Sunday, September 16, 2012

The Blue Sword - Robin McKinley (Greenwillow Books - 1982)

Series: Damar 

When Harry Crewe's father dies, she leaves her Homeland to travel east, to Istan, the last outpost of the Homelander empire, where her elder brother is stationed. Harry is drawn to the bleak landscape of the northeast frontier, so unlike the green hills of her Homeland. The desert she stares across was once a part of the great kingdom of Damar, before the Homelanders came from over the seas. Harry wishes she might cross the sands and climb the dark mountains where no Homelander has ever set foot, where the last of the old Damarians, the Free Hillfolk, still live. She hears stories that the Free Hillfolk possess strange powers -- that they work magic -- that it is because of this that they remain free of the Homelander sway.

When the king of the Free Hillfolk comes to Istan to ask that the Homelanders and the Hillfolk set their enmity aside to fight a common foe, the Homelanders are reluctant to trust his word, and even more reluctant to believe his tales of the Northerners: that they are demonkind, not human.

Harry's destiny lies in the far mountains that she once wished to climb, and she will ride to the battle with the North in the Hill-king's army, bearing the Blue Sword, Gonturan, the chiefest treasure of the Hill-king's house and the subject of many legends of magic and mystery. 

I love this book.  I haven't read it for many years, but it called to me for a reread.  Harry has come to Damar after her father's death to be with her brother.   There is something about the land that draws her like nothing else ever has.  When Corlath, king of the Hillfolk, comes to Istan to warn of a threat to all of them there is something about him that speaks to her also.  After his warnings are ignored, Corlath leaves, but returns in the dark of night to steal Harry away, as his powers demand.  This begins a journey for Harry that opens up a whole new world and way of life to her.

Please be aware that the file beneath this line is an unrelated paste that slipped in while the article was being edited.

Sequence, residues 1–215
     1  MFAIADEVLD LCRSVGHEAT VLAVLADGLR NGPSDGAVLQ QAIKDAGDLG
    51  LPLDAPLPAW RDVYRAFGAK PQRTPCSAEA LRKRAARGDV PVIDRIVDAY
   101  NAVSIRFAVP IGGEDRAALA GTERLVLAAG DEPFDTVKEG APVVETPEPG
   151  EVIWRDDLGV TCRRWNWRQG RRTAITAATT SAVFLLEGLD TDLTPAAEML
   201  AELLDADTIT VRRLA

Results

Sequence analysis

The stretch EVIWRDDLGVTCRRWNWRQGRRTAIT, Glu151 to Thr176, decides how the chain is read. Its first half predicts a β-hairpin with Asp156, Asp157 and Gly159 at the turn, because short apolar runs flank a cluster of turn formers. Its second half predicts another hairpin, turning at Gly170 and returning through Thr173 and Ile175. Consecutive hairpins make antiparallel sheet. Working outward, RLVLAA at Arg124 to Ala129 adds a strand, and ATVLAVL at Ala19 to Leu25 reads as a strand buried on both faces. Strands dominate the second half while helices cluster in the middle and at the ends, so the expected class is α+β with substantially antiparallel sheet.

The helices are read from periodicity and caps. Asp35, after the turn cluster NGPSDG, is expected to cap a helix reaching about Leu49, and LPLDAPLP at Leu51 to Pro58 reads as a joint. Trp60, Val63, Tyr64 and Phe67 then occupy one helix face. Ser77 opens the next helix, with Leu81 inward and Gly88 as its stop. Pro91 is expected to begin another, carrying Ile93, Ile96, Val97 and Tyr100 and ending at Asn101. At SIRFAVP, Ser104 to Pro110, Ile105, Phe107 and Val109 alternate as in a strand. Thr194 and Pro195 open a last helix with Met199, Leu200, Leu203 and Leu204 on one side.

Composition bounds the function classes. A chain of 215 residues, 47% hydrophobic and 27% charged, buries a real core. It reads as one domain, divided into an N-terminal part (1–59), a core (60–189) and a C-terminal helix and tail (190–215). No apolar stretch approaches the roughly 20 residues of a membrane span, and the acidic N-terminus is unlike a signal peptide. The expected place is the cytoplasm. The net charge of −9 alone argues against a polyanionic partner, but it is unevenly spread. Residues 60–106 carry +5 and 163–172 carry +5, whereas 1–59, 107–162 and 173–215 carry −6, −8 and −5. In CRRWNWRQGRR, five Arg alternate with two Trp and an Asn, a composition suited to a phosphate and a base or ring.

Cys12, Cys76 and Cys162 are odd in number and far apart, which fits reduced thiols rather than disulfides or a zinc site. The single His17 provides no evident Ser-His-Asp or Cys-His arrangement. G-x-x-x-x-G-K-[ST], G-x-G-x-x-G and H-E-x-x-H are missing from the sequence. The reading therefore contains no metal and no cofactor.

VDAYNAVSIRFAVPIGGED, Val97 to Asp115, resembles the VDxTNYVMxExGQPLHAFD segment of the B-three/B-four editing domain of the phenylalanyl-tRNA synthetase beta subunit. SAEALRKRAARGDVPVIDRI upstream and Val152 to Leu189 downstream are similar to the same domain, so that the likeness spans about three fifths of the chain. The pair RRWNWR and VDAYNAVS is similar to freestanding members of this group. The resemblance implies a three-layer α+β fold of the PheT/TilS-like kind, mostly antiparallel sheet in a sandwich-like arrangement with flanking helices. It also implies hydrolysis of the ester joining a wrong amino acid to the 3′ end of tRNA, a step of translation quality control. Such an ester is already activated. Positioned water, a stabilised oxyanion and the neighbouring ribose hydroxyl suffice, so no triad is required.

I absolutely love both Harry and Corlath.  Harry is miserably unhappy in the Homelander settlement.  She is used to being able to do things and her life is now very restricted.  She also doesn't feel like she really fits in anywhere.  She finds a couple people there that seem to feel the same way about Damar that she does, that see the beauty of that land.  When Corlath kidnaps her, she doesn't understand why.  She also feels like she doesn't fit in there, as she is mostly ignored at first.  When the magic of the Hillfolk finds her, Corlath starts to soften toward her and begins to understand why he was called to take her.  His elite guard, the Riders, begin to accept her when they see that she possesses the same magic the king does.  Then Corlath has one of the Riders begin to train her as a female warrior.  Her journey through the fear of her kidnapping, the culture shock of her training, then her melding of her two worlds is an incredible story of growth.  It is not easy for her.  We see the difficulty of her training, the culmination of that training, and then the decisions she has to make along the way.  Corlath is a man with an impossible job.  He has a very small kingdom that is being threatened by a less than human foe.  His attempts at getting some help fail, but his powers require him to steal away the Outlander girl without telling him why.  Their initial days together are rough because he doesn't want her there and she can tell.  But when her visions make it obvious that she will play an important role, Corlath takes steps to make sure she is ready.  I loved the way that Harry eventually takes to the training, though it is difficult at first.  We also see her discomfort with the way everyone seems to be counting on her, though she is determined to do her best.  She also has no trouble standing up to Corlath and trying to make him see what she tries to tell him.  She wrestles with her decision on what she has to do, but ultimately does what she feels is right.  The characters in this book are so well done that they feel absolutely real to me.  I can feel their torment and their happiness and I can't help rooting for them, even when I know what will happen.  My favorite part in the entire book is Harry's reappearance at the Outlander fort.  I also love her training sessions and her return to Corlath at the end.  I highly recommend this book and its prequel The Hero and the Crown to everyone, but especially those looking for strong female role models for girls.

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